By Paul Rincon
BBC News science reporter
Female bottlenose dolphins are taught by their mothers to use marine sponges to look for food, according to a study.
Female dolphin Dodger was already "sponging" by the age of two
The finding represents the first case of material culture observed in a marine mammal species.
An international team looked at wild dolphins from Western Australia and used DNA analysis to investigate if the behaviour could be inherited.
They tell the journal Proceedings of the National Academy of Sciences it is most probably transmitted socially.
Biologists observing the dolphins in eastern Shark Bay saw the animals break marine sponges off the seafloor and wear them over their snouts to probe into the seafloor for fish.
Sponging was mostly confined to females - only one out of the 13 regular spongers looked at by the study was male.
"It looks like the animals use the sponge as a kind of glove to probe the [sediments]. It might just give them protection against some noxious critters hiding in there," said Michael Krützen, of the University of Zürich in Switzerland, co-author of the study.
"But they might also be able to chase other fish living on the seafloor. That's what it looks like from the surface. We can't go in the water; Shark Bay was given its name for a reason," he told the BBC News website.
All in the genes?
If genetic explanations for sponging could be discounted, it was likely the behaviour was passed from mother to daughter through learning.
To investigate possible genetic factors, the team took small tissue samples from the dorsal fins of 185 sponging and non-sponging dolphins for DNA analysis.
Results from mithochondrial DNA (mtDNA) - which is passed down the maternal line only - suggested spongers were part of a close-knit family group with a recent common ancestor - a "sponging Eve" if you like.
Demi the dolphin has a mother and daughter that are also spongers
This suggested transmission of sponging within a single "matriline" (a related group of animals linked by descent through the female line), but did not resolve whether it was learnt or inherited.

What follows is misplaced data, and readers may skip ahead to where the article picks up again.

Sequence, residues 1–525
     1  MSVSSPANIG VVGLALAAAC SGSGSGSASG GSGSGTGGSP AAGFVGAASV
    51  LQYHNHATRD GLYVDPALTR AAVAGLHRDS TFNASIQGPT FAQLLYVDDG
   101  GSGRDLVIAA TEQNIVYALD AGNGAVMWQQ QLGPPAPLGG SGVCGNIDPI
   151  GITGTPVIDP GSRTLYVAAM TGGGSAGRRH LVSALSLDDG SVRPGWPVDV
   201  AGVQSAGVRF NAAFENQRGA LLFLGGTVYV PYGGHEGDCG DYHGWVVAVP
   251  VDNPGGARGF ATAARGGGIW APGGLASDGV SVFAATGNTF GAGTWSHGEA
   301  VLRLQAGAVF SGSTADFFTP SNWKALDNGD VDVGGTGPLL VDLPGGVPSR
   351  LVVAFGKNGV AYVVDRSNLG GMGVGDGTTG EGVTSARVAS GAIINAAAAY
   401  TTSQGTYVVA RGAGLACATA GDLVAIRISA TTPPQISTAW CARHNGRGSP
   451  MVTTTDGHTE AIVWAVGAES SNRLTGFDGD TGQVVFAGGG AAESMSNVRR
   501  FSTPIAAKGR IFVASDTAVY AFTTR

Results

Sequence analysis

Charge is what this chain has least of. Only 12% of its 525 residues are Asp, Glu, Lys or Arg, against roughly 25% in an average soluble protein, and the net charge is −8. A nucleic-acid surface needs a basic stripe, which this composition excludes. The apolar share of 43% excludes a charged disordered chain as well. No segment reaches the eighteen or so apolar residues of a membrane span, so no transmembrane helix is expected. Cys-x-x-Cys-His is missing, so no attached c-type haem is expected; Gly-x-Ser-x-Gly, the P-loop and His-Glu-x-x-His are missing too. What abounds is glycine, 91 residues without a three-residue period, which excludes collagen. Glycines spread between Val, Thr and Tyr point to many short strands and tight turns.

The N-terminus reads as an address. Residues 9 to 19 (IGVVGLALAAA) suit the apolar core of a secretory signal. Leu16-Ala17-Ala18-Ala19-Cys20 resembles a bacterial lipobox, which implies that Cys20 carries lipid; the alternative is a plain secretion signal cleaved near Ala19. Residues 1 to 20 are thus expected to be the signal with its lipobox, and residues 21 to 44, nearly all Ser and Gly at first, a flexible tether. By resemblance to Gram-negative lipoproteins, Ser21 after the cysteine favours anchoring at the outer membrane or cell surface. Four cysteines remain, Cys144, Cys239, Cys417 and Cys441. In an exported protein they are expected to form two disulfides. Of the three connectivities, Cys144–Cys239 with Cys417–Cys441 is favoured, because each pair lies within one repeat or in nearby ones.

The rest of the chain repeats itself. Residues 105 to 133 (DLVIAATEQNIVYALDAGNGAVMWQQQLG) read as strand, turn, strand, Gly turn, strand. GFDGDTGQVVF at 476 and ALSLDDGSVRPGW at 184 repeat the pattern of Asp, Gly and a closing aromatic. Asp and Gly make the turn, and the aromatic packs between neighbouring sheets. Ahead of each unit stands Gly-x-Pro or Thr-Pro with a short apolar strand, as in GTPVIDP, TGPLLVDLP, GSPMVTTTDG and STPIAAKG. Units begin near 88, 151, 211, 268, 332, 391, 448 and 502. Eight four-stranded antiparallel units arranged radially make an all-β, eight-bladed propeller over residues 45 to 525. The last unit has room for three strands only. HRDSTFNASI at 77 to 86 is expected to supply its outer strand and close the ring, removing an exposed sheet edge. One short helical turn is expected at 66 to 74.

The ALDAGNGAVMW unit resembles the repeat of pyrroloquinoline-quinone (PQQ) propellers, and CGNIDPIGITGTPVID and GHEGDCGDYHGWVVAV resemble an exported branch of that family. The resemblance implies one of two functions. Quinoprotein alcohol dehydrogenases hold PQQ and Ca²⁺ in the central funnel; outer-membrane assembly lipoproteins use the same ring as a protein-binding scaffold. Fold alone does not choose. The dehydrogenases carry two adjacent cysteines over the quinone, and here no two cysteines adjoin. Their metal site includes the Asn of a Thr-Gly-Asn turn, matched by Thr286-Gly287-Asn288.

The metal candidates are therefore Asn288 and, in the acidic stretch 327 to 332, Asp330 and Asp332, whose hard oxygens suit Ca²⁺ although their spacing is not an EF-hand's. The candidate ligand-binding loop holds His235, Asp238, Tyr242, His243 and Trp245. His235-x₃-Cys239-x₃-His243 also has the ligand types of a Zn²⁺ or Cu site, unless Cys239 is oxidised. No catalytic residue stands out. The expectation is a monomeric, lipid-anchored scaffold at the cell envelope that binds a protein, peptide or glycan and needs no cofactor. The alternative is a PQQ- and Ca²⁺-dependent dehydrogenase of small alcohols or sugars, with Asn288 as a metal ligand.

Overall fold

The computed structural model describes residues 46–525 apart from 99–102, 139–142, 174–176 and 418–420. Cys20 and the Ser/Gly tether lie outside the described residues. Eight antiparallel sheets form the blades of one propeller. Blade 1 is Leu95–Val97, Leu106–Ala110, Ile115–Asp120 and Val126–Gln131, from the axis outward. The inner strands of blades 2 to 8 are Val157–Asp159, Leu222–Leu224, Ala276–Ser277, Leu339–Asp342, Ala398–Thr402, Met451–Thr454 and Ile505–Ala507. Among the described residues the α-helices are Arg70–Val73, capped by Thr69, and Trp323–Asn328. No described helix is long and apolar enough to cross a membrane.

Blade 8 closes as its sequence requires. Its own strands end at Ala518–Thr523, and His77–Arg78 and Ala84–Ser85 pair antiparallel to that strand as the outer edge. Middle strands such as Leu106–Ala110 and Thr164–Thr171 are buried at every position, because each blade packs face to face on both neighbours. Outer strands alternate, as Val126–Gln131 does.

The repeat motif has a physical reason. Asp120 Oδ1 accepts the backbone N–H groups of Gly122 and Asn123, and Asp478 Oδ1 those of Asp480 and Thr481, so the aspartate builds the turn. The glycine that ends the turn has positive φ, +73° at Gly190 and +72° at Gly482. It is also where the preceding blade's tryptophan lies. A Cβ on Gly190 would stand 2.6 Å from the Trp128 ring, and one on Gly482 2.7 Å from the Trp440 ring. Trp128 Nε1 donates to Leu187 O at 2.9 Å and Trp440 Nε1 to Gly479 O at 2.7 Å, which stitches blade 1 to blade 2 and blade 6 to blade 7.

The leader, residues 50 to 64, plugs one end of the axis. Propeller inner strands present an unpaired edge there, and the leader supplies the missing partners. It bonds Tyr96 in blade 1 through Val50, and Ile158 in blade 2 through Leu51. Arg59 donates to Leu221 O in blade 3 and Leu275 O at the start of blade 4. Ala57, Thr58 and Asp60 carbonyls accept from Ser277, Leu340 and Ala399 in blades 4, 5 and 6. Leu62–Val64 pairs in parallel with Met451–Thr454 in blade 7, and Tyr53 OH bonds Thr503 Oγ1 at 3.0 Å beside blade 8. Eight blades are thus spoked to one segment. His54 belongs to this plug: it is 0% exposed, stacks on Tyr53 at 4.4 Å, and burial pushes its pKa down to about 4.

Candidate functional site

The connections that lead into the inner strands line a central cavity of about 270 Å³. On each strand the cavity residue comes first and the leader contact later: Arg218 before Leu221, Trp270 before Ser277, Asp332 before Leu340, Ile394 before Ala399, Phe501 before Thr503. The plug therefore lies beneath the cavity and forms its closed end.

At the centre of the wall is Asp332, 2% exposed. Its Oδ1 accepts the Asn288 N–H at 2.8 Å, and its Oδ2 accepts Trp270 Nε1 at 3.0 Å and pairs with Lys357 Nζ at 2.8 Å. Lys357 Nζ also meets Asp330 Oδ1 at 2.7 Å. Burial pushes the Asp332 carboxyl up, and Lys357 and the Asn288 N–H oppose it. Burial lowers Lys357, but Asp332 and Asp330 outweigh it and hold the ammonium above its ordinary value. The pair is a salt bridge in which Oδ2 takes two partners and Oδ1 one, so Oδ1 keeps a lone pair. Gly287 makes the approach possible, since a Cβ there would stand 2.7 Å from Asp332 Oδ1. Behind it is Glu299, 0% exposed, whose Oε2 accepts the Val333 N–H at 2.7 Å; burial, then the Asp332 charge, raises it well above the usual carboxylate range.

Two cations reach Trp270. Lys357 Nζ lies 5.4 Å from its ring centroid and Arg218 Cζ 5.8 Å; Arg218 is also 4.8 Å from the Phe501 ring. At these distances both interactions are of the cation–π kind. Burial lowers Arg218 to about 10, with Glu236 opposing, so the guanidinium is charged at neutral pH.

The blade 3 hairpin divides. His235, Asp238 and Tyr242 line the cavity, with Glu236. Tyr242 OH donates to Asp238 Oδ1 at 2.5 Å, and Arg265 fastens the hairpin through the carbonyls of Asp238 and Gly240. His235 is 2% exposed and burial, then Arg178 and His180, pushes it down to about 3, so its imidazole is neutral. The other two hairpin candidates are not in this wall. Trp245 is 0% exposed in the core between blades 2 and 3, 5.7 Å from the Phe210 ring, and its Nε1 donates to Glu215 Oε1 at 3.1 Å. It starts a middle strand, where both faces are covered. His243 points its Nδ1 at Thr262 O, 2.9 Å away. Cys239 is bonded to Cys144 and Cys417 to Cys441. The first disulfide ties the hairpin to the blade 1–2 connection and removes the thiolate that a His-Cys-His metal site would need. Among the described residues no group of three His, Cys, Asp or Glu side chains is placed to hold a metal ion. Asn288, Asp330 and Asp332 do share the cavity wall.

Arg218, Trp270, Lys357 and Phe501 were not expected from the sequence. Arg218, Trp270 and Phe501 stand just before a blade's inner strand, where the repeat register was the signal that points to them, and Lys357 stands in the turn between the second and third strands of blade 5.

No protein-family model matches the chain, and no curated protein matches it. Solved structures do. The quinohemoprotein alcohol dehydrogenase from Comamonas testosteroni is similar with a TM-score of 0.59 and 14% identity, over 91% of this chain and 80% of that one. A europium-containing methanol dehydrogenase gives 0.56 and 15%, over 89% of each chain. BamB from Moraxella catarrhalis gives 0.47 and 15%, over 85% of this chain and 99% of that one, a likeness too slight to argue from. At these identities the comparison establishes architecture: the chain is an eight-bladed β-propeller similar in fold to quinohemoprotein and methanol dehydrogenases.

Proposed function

A complex pattern of inheritance based on multiple genes that can be shuffled during sexual reproduction was considered unlikely. "Why, then, would it be confined to one maternal line?" Dr Krützen proffered.
So the researchers investigated whether sponging might be inherited via a single gene. None of the 10 possible single-gene scenarios they considered matched what researchers saw in the field.
"It's really hard to make genetic arguments for recent switches in behaviour, because things don't happen that quickly in populations," commented Grant Pogson, an evolutionary biologist at University of California, Santa Cruz, US.
Andrew Read, professor of conservation biology at Duke University in Beaufort, US, said: "There have been similar insights from sea otters, so it wouldn't particularly surprise me if it were true.
"In bottlenose dolphins in Saratoga [US] there have been some suggestions that individually specific foraging behaviours are likely to be transferred from mother to daughter because of the long time they spend together."
It is unclear why the behaviour is confined solely to females, but clues may come from a recent study of chimpanzees.
A paper published in Nature last year suggested female chimps learn from their mothers how to gather termites much faster than males - who prefer to spend more of their time playing.
Dr Krützen added: "Those who work on these animals know that if there is a prime candidate for socially transmitted behaviour - culture - in the marine mammal world, it is bottlenose dolphins."
"It has been shown in captivity that they can socially learn - they can imitate. If one dolphin can do it then others should be able to."